Vincent at his graduation with his father (right) and two uncles

Vision provides hope and challenges people to do more with their potential.

Vision is the crucible needed for a life of purpose.

Vision provides focus.

When people have a vision, their creativity, efforts and resources are devoted towards an expected outcome.

Vision helps people avoid distractions and seize opportunities they could hardly notice without an established goal.

When people commit to turn their vision into reality, they grow whether, spiritually, mentally or professionally.

With a vision, people become the CEO of their own attitude, decisions and action.
People become accountable for their own destiny!

The first 119 attendees to register for only $69 per participant—save $99!

 Whole Day Speakers:
 Dr. Vincent Muli Kituku,
One of the less than 7% speakers to earn the coveted Certified Speaking
(CSP) recognition, the highest designation presented by the National
 Speakers Association
 Troy McClain,
Idaho’s own Apprentice from the first season of the hit TV show, Donald Trump’s
  The Apprentice as well as a nationally recognized motivational speaker

 (Top 2 Idaho motivational/inspirational speakers
bringing you tools to reach new heights.)

 Invited Keynote speaker:
 Jared Zabransky, the Winner of 2007 Fiesta Bowl MVP
 April 8, 2008 8:30am- 3:00pm

 Doubletree Hotel
 2900 Chinden Blvd, Boise, Idaho 83714
(208) 343-1871

 Your investment:
  $69 Early Bird Registration for the first 199 attendees - SAVE $90
 This offer expires February 1st, 2008.
  $109 AFTER February 1st but BEFORE or on March 23rd - SAVE $50
  $159/Participant AFTER March 23rd

  For group discounts and scholarships for non-profit employees please call our
  office at (208) 376-8724.*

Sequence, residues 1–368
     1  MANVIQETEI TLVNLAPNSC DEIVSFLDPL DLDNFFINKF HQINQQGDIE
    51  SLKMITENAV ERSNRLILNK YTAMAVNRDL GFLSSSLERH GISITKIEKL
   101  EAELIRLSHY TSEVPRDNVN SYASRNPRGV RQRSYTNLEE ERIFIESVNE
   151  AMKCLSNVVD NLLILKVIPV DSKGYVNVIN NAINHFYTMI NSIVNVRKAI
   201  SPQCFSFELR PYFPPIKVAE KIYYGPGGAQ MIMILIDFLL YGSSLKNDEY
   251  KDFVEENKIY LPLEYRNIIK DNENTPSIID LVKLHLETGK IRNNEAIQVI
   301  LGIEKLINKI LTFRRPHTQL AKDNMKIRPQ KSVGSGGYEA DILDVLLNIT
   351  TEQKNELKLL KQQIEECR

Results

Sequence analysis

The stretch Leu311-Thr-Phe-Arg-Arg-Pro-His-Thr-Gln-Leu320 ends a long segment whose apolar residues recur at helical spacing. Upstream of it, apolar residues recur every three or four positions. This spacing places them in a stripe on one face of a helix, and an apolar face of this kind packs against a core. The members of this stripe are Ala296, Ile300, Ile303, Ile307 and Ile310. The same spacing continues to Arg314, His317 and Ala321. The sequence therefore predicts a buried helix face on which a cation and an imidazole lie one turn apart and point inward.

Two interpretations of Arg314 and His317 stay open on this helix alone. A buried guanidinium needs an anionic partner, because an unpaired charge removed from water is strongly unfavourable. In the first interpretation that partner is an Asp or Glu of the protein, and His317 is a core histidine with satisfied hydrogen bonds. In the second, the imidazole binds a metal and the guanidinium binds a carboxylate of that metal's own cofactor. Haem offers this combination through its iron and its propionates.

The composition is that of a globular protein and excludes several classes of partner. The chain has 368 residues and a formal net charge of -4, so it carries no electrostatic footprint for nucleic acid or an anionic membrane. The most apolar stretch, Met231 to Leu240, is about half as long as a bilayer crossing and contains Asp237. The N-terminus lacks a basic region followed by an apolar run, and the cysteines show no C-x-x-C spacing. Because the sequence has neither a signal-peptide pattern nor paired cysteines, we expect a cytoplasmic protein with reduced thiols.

* Active Toastmasters members, non-profit organization and military personnel (active or retired),
    please call our office at (208) 376-8724 for special rates.
    There is also a discounted investment for a family of four.

To succeed in today's workplace and in your personal life, you need more than goals, smarts or top technological tools. You must be passionate, highly motivated, and focused in every aspect of your organization. The competitive nature of the business world dictates that people must produce results in a fast changing marketplace for them and/or their organization to remain relevant. Individuals and their organization must be proactive in order to focus on measurable performance and eradicate frustration, stress and crisis. Dr. Kituku's and Mr. McClain's work-life strategies help people bring balance back to their lives. They learn how to develop and leverage a personal vision that not only takes their work performance to new heights but also discover important strategies of creating an extraordinary quality of life.

Here is a sample of some of the key tools that you will learn in this seminar and use immediately in major aspects of your work and life:

The top 5 success factors that most Americans can take
advantage of.

11 secrets/actions that will make failing a non-option.

Beyond Chaos: Keeping home and career under control.

23 lessons from Impala, gazelle and lions on how to thrive in
your “jungle”.

The 7must have ‘Spears to Overcome Buffaloes’ at work and
in life.

The top assets that will make your skills needed and sought after.

How to turn ordinary actions into extraordinary results at work and in life.

9 proven ways on how to turn setbacks into opportunities for a better future.